Small to medium-sized businesses often don't have the security policies, systems or know-how in place the way their larger enterprise brethren do, and that's a lurking danger.
So says a new survey by security adviser MessageLabs. In identifying the problem MessageLabs, not surprisingly, says it also has a solution. The company is launching the Small Business Security Clinic and Makeover, a kind of IT security toolkit of resources and education.
SMBs are at greater risk to various forms of malware due to a combination of fewer resources for dealing with the problem and looser security policies.
"I think that's a consequence of enterprises being under a lot more pressure to implement policies to enforce regulatory compliance. Regulatory compliance inherently makes enterprises more secure," Paul Wood, senior analyst with MessageLabs, said.
Based on surveys in the U.S. and U.K., MessageLabs concluded the biggest risk of a data breach comes from an unlikely source — junior sales men and women between the ages of 26-35 years old. Not that they do anything deliberately, it's just that these unlikely villains are multi-taskers, often using multiple applications at once.
"They are quite tech-savvy but not quite aware of the risk that using all of these protocols might introduce. They might be trying to do as much as they can at the same time and not thinking about what they are doing, and a lot of attacks are social engineering-based," said Wood.
Small businesses might also delude themselves into thinking they are doing enough to mitigate risk, said Wood. He said some businesses also have the perception they are not at risk because they are a small organization.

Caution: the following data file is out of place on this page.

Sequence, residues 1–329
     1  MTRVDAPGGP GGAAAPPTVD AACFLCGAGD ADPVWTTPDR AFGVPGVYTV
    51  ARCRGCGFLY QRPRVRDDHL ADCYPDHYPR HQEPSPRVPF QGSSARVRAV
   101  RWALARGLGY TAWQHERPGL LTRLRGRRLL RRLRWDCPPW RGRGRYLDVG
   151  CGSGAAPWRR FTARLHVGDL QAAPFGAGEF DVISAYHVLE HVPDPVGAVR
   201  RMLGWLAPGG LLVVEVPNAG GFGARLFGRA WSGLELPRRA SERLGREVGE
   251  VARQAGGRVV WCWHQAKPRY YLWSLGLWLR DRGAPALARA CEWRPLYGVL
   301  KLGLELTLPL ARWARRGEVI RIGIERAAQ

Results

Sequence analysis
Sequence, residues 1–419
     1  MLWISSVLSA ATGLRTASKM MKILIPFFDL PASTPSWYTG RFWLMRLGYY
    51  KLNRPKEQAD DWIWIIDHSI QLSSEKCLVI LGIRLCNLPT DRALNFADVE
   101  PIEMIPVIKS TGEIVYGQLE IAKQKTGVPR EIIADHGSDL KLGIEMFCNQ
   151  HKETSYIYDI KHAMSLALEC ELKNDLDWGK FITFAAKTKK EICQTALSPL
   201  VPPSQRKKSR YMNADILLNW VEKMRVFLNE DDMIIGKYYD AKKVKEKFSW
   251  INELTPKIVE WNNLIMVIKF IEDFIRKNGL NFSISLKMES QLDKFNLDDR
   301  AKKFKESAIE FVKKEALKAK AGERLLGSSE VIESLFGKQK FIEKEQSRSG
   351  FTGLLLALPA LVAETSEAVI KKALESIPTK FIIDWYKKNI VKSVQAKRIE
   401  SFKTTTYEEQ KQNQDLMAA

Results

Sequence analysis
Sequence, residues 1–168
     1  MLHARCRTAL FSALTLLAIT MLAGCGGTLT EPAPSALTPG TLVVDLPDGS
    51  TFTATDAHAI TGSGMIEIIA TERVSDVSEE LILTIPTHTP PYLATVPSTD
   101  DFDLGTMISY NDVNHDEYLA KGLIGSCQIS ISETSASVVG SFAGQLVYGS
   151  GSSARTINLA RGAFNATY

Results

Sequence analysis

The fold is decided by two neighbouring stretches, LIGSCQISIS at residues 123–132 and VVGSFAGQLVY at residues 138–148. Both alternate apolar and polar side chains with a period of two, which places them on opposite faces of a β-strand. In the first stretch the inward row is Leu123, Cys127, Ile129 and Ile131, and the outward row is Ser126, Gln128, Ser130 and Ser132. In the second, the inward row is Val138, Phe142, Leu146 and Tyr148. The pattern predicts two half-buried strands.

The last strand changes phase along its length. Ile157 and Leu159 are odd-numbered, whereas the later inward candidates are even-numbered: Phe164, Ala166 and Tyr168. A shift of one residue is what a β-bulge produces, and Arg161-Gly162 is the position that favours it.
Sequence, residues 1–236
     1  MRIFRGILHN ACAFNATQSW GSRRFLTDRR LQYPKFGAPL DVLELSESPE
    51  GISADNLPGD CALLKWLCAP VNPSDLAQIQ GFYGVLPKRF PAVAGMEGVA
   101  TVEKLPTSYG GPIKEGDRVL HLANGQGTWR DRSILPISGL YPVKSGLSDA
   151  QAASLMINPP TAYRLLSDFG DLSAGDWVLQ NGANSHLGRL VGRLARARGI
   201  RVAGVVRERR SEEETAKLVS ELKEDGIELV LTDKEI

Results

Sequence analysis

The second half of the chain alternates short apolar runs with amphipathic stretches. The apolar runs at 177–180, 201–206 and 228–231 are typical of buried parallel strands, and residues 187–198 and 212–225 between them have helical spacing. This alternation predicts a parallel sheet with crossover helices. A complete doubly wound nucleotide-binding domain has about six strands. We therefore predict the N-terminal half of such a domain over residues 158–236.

But that's wrong. "We've seen an increase in targeted attacks on small businesses because they have less security in place," said Wood. MessageLabs found that only 53 percent of small businesses have the right IT security procedures in place compared to 69 percent of enterprise companies.
The report also looked at the importance of e-mail and spam issues. The study found that almost one-third of businesses would be severely impacted if the Internet went away, but only 14 percent would feel any pain if just e-mail went away. Wood said it reflected the Web as being the engine of e-commerce.
But spam remains a problem. Only 13 percent felt it would stop being a problem, but most see it as more of a nuisance than a threat. Only 10 percent felt it was a threat and have anti-spam measures in place.
The problem, Wood argued, is that spam can overwhelm a company's servers, and even with spam filters on, they still have to receive it for the spam filter to process it. And often times, spam is the entry point for more insidious attacks, like Trojans. "For a small business, spam could be a silent killer," he said.
Adapted from internetnews.com.
|Do you have a comment or question about this article or other small business topics in general? Speak out in the SmallBusinessComputing.com Forums. Join the discussion today!|